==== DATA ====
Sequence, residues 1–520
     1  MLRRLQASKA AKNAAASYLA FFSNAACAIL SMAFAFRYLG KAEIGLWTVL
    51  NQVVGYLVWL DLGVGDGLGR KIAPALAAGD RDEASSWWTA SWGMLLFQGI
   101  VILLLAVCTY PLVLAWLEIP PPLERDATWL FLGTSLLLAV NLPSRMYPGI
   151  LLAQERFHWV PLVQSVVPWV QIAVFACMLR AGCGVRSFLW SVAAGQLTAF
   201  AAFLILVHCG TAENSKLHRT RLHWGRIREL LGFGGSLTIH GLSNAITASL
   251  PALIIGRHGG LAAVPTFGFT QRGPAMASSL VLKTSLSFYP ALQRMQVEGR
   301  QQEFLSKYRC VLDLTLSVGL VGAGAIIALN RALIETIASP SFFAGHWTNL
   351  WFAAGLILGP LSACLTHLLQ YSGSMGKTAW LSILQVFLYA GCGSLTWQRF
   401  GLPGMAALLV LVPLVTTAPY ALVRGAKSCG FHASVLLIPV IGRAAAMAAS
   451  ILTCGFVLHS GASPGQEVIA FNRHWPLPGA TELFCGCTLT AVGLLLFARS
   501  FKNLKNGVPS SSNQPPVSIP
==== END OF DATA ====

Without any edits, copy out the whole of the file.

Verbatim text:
Sequence, residues 1–520
     1  MLRRLQASKA AKNAAASYLA FFSNAACAIL SMAFAFRYLG KAEIGLWTVL
    51  NQVVGYLVWL DLGVGDGLGR KIAPALAAGD RDEASSWWTA SWGMLLFQGI
   101  VILLLAVCTY PLVLAWLEIP PPLERDATWL FLGTSLLLAV NLPSRMYPGI
   151  LLAQERFHWV PLVQSVVPWV QIAVFACMLR AGCGVRSFLW SVAAGQLTAF
   201  AAFLILVHCG TAENSKLHRT RLHWGRIREL LGFGGSLTIH GLSNAITASL
   251  PALIIGRHGG LAAVPTFGFT QRGPAMASSL VLKTSLSFYP ALQRMQVEGR
   301  QQEFLSKYRC VLDLTLSVGL VGAGAIIALN RALIETIASP SFFAGHWTNL
   351  WFAAGLILGP LSACLTHLLQ YSGSMGKTAW LSILQVFLYA GCGSLTWQRF
   401  GLPGMAALLV LVPLVTTAPY ALVRGAKSCG FHASVLLIPV IGRAAAMAAS
   451  ILTCGFVLHS GASPGQEVIA FNRHWPLPGA TELFCGCTLT AVGLLLFARS
   501  FKNLKNGVPS SSNQPPVSIP